This incident with the nukes is no different. I’m convinced these weapons were going to go to some country or some leader, and then be used as propaganda to start a conflict or even war. This is how this government operates. They need relief dictators warming up in the bullpen when the current pitcher’s arm gets tired, and needs to go.

  19. hatchcar,

    great thoughts but I disagree with what you are convinced of regarding the nukes.

    If they were going to some other country they would have. Instead the nukes sat at Barksdale.

    Something must have fouled up a plan they had for the nukes, and I’m convinced it was far more insidious than transporting them out of the country.

  20. @ True Oil
    Absolutely. I was thinking off the cuff, but there are numerous possibilities that could have played out in this situation. And like you said, they are probably more insidious than what I proposed.
    I don’t even want to think of them.
    Also, don’t you love the fact a man gets a peace prize for advocating more violence and death to try and stop something that is as old as prostitution.
    That prize has been tarnished forever!!

  21. Thanks again for all the great comments.

    @SanderO: I am usually reluctant to quote Madsen as there are many I know who doubt his credibility and point out he now charges for his site. That said, his revelations tracking CIA rendition flights and Israeli involvement in many nefarious activities across the globe have, so far, dovetailed what I’ve learned from alternate sources.

    @Scribe, contextofnocontext, Kingfisher: I agree about the small plane accidents, IE Ivins and Paul Wellstone. But if you look as far back as Danny Casolaro, you find instances of suspicious “suicides” like Casolaro, Webb, Palfrey and Phillip Merril:


    Merrill joined former DCI Bill Colby in taking a last boat ride on Chesapeake Bay. Merrill ran the Import/Export Bank during the initial Iraqi occupation and Colby was investigating Bush 41 as part of the Franklin Credit Union/Pedophilia scandal. That story, broken by the Washington Times, promptly disappeared while Bush 41 started saying and doing all kiinds of nice things for Unification Church front groups.

    @Kingfisher: If I’ve impressed you, then I’ve done a good job. Can you see the restoration of the Army Air Corps? Gen. Jimmy Stewart would be rolling on HIS grave.

    @hatchcar and True Oil: I don’t want to give anything away on part 2, but it IS worth noting that Minot/Barksdale took place one week before THIS incident took place:


  22. Kingfisher says:

    “Can you see the restoration of the Army Air Corps?”


    Restoring the army air corps wouldn’t be that bad an idea.

    The Air Force is not geared to the small war and insurgency conflicts we are currently engaged in, which needs aircraft that can fly slow and low with weapons that minimize civilian casualties and destruction. The A-10 which has proven invaluable time and time again originally had to be practically forced on the AF; the A-10 is slow and ugly – anathema to the fighter jocks. The A-10’s keep being upgraded and having their service life extended because every new aircraft the AF brings in to replace it in the ground attack role is inferior to the A-10.

    The ground guys want small turboprops for close air support in Iraq and Afghanistan; and the AF isn’t exactly rushing to fill that need, the army would be better off buying them for a new army air corps. Originally the army pushed attack helicopters to compensate for the AF’s lack of enthusiasm for the ground attack role; but they have shown to be too vulnerable to ground fire, and the Apache has been very disappointing.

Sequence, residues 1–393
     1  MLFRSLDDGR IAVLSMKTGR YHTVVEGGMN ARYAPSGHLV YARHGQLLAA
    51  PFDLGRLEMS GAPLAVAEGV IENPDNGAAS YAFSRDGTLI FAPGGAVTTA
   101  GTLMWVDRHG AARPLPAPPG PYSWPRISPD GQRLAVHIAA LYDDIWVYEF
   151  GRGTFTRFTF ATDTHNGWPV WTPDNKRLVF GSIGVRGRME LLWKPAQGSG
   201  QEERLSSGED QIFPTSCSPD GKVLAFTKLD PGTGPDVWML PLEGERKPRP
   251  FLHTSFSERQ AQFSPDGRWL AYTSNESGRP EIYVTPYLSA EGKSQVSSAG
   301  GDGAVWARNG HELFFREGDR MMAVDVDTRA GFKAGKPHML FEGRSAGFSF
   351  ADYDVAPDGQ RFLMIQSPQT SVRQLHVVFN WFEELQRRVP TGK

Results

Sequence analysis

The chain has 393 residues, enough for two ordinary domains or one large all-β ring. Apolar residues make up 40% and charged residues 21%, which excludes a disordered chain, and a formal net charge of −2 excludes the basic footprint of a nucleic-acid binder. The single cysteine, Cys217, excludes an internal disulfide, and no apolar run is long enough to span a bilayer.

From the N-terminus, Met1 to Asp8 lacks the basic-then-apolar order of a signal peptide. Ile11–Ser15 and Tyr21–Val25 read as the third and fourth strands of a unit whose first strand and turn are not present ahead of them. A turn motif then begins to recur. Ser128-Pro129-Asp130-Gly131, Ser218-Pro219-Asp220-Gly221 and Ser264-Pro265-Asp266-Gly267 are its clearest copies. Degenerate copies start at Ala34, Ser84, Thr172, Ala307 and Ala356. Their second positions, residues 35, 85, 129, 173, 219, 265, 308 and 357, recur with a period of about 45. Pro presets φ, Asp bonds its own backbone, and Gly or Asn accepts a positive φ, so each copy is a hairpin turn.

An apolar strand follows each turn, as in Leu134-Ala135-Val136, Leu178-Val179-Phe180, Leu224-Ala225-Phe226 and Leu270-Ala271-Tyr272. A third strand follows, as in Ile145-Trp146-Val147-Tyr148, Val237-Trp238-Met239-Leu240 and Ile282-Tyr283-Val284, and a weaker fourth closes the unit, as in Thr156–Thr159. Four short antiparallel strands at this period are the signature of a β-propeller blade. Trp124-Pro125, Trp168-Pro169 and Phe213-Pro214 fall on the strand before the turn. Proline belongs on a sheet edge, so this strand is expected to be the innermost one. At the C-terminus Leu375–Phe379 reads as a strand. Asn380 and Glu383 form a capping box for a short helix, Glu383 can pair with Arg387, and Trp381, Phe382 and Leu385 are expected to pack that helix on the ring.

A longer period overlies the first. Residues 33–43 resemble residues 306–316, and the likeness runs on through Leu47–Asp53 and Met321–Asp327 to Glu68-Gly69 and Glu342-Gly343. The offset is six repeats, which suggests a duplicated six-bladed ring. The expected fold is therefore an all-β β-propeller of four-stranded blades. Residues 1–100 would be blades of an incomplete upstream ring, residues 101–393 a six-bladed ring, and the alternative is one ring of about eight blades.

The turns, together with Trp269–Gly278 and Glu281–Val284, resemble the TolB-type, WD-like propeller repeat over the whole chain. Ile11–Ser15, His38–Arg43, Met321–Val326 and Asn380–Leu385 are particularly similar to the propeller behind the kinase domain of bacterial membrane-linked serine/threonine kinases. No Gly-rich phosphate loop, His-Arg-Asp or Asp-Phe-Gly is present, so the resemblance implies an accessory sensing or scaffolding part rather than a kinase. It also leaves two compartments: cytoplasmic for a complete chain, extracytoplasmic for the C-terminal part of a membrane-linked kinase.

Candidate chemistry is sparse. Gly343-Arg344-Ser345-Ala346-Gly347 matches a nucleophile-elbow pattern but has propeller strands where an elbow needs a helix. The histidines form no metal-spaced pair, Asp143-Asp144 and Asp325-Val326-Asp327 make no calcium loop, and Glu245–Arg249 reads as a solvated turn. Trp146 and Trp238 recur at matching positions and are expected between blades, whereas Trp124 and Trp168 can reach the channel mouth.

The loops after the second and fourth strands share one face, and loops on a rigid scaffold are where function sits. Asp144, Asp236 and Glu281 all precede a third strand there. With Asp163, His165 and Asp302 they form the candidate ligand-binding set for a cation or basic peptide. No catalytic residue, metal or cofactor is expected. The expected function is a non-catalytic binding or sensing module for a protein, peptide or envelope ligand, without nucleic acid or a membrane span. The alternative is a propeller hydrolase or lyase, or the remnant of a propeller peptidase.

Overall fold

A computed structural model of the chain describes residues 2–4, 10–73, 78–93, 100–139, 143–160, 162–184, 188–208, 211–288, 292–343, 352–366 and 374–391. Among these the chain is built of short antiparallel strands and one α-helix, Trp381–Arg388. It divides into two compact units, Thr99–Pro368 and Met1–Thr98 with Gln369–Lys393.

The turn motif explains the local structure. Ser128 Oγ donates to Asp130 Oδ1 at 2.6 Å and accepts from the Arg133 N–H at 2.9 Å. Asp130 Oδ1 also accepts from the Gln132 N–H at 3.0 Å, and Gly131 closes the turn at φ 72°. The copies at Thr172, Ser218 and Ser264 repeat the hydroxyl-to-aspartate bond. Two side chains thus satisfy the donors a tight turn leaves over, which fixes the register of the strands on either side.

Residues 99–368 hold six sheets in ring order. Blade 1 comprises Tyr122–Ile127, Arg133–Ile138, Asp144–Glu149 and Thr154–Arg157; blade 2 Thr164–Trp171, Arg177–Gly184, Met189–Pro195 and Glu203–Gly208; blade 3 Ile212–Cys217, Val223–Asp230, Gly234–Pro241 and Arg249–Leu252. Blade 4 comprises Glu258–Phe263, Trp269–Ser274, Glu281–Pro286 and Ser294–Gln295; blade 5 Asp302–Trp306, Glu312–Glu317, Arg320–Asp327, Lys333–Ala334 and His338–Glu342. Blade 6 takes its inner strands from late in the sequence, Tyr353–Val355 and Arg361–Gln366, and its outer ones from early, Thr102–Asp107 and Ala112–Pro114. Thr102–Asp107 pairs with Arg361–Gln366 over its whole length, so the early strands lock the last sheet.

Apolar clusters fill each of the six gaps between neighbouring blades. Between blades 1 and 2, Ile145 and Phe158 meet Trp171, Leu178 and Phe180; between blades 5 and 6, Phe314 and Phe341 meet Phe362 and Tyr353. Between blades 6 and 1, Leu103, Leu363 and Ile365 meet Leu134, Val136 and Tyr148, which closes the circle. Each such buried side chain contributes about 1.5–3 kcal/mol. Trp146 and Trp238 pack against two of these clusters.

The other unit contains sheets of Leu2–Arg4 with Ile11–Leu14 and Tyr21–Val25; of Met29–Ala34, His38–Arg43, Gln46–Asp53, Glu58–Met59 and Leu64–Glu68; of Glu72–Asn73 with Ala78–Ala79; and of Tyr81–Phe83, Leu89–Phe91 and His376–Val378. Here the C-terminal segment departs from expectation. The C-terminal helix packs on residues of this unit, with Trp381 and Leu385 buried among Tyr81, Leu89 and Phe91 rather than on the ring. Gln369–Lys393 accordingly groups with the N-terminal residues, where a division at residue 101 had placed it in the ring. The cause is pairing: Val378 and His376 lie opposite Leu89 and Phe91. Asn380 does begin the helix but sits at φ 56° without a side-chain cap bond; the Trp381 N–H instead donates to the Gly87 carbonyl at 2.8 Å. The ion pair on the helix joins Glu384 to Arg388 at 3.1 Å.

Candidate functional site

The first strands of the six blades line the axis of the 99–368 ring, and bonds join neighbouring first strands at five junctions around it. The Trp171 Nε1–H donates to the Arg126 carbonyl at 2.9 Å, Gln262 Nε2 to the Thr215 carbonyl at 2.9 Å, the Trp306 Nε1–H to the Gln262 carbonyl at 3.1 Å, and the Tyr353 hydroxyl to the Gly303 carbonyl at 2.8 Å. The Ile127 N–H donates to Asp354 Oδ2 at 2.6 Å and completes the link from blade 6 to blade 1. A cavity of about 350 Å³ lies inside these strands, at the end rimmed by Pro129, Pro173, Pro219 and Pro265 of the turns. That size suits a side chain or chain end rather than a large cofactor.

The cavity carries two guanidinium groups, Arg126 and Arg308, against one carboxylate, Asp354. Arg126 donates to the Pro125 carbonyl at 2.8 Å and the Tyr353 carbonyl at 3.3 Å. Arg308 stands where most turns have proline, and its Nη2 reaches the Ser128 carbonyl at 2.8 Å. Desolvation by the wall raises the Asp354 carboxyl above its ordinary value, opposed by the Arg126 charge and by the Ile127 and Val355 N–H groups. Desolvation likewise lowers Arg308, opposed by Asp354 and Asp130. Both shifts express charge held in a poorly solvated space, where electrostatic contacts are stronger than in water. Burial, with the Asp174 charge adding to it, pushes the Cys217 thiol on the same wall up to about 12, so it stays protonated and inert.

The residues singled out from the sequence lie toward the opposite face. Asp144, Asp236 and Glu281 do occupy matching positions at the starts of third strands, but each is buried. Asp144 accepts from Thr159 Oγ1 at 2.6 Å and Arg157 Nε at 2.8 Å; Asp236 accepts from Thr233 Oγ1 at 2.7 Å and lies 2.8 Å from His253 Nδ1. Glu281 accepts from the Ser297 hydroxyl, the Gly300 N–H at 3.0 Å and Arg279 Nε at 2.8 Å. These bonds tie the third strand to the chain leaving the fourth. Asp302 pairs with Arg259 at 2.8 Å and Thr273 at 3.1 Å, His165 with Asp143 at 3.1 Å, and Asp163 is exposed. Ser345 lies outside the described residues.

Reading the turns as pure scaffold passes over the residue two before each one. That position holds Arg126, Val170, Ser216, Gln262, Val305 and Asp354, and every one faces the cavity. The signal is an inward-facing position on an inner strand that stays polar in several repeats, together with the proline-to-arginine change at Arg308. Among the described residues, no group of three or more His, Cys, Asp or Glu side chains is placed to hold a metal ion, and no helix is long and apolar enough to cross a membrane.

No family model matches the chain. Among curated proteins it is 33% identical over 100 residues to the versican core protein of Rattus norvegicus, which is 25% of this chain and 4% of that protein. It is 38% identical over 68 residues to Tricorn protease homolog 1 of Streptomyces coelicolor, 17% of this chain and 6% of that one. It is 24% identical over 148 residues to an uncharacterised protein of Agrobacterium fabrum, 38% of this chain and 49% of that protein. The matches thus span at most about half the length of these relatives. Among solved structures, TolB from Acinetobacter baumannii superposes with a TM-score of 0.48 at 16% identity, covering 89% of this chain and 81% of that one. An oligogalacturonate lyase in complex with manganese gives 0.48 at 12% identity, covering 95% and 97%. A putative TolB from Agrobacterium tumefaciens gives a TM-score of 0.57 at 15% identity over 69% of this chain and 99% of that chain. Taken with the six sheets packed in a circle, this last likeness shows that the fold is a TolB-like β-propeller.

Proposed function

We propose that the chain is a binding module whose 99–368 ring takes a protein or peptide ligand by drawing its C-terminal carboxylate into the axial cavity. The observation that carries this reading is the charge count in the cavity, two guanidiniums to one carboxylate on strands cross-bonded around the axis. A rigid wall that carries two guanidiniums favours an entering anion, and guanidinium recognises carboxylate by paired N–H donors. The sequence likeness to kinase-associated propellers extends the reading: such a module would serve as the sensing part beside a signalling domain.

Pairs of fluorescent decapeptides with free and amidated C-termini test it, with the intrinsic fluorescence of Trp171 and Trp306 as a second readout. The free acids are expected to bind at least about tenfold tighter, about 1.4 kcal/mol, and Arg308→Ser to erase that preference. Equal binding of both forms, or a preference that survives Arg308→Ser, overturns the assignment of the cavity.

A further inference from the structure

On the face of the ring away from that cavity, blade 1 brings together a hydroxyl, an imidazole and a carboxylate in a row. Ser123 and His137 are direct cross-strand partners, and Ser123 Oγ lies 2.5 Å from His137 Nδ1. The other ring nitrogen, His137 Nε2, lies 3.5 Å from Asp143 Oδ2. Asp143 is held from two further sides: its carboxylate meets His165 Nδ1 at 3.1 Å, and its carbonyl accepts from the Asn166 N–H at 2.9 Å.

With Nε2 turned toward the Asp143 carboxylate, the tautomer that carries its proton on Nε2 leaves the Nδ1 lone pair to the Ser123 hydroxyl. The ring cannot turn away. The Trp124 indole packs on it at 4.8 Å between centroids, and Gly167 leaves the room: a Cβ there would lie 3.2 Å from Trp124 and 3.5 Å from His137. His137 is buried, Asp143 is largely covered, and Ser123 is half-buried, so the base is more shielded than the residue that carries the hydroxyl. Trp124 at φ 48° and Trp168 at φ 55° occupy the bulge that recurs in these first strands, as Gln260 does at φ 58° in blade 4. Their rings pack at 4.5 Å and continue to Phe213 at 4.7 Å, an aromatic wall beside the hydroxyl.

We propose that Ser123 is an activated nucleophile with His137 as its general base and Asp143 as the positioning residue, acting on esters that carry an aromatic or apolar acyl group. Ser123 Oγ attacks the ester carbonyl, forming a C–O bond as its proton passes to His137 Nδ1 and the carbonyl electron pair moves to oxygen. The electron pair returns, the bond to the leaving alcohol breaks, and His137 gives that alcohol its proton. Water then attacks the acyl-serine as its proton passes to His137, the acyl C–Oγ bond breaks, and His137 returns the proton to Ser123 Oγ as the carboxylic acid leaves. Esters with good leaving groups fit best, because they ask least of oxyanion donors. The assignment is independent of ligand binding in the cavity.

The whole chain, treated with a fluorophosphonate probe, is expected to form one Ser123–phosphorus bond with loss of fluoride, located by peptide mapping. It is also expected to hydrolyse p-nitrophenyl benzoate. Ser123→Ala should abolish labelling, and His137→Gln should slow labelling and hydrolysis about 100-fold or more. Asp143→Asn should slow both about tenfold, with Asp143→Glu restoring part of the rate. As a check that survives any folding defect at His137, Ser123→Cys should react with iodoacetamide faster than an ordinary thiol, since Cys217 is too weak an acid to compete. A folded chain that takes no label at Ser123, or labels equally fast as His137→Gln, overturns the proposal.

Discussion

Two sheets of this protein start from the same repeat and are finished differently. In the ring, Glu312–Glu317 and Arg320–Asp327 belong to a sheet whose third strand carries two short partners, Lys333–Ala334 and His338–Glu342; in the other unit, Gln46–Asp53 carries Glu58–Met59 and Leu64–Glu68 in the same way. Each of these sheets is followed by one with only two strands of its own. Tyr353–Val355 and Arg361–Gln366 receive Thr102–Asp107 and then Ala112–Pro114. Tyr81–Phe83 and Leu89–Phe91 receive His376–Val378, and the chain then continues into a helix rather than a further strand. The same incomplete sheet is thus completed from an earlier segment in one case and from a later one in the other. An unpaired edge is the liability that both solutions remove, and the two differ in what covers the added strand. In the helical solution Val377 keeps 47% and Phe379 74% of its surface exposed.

We are also at a turning point in the history of airpower; for the first time ever next year the Department of Defense will purchase more unmanned aircraft then it will manned. Who knows what this new era will bring…

  23. From ‘Letadlo’ at Talking Points Memo Cafe, via google search. This always looked like useful information. _Very_ sceptical information. YMMV.

    This post is a long one. I make no apologies though because there are some aspects of this case where more info is required and this motivated me to post. All of the technical/procedural statements I make here can be checked and I have no doubt that some readers will do just that.

    For those in a hurry, here is a summary:

    1) Nukes do not get accidentally loaded for transport. The orders required, procedures and security in place make it frankly impossible.
    2) It is against US military regulations to transport nuclear weapons loaded in combat position on an aircraft over US soil and everyone who works in the chain of command with nuclear weapons handling knows this. If being transported by aircraft, they must be crated and carried in the hold of a transport plane which is specially built to carry such weaponry.
    3) The aircrew must be made aware of what they are carrying and would have been.
    4) ACM’s are not decomissioned at Barkesdale. This is done at Kirtland AFB, NM. There is no valid reason for flying nuclear-armed ACM’s for Barkesdale for decom.
    5) The fact that the military even acknowledges this “mistake” is cause for conjecture and concern as to what actually happened.

    Now the details.

    Okay, to begin: there is no way nukes could be accidentally loaded for transport. Nukes on a base are stored separately from other ordnance, not just for security but because if they were stored with some conventional ordnance and that ordnance accidentally detonated (which has unfortunately happened on occasion), then while the nukes wouldn’t “go off” in a nuclear blast there would be the risk of dispersing radioactive materials and the subsequent fallout. (Pun intended. Sorry.)

    …. Plus much more

    Search for _very_ informative post by Letadlo – Barksdale Nukes Fiasco –